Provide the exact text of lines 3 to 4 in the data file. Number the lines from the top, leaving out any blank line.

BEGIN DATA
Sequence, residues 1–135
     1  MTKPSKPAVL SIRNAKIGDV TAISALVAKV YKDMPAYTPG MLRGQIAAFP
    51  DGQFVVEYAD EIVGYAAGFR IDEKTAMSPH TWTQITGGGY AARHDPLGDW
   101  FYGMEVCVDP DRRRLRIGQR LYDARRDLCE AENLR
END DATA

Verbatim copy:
    51  DGQFVVEYAD EIVGYAAGFR IDEKTAMSPH TWTQITGGGY AARHDPLGDW
   101  FYGMEVCVDP DRRRLRIGQR LYDARRDLCE AENLR